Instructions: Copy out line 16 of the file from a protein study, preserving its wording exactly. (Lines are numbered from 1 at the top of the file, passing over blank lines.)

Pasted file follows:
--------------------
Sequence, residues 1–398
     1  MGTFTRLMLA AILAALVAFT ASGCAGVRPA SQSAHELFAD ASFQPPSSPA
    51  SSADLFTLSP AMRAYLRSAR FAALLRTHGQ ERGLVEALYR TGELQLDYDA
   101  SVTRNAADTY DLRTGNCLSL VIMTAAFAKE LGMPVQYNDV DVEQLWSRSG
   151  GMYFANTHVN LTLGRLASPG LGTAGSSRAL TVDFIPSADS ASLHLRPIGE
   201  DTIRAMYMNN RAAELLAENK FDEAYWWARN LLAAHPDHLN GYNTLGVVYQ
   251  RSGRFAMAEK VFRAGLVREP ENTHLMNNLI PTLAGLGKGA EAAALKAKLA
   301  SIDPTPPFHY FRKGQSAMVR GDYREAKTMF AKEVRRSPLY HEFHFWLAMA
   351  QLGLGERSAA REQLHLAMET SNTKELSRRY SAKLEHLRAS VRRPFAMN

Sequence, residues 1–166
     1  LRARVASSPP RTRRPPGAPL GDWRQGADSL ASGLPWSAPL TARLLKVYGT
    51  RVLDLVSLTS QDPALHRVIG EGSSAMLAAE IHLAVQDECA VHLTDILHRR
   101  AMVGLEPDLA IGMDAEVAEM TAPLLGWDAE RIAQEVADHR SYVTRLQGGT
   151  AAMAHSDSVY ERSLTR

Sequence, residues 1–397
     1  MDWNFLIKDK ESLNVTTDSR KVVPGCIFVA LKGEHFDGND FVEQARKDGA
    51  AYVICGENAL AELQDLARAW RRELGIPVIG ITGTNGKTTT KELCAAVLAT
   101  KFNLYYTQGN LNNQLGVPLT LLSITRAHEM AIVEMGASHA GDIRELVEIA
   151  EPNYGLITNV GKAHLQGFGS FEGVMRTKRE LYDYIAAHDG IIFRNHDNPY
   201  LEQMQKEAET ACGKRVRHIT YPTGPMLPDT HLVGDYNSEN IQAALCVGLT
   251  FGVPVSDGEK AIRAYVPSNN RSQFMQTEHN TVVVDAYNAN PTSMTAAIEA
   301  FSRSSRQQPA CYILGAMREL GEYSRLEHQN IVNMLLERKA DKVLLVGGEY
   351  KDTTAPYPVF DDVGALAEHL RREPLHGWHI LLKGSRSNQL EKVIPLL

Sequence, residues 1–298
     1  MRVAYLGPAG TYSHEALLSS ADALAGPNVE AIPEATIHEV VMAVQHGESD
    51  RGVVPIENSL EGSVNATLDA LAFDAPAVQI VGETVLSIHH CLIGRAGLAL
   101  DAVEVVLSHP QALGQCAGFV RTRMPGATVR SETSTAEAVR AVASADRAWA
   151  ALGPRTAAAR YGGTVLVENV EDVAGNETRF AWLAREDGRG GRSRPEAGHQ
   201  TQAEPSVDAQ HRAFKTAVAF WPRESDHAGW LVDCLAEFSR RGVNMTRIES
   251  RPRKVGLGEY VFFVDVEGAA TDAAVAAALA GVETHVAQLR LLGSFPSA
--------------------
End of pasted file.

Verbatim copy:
     1  MDWNFLIKDK ESLNVTTDSR KVVPGCIFVA LKGEHFDGND FVEQARKDGA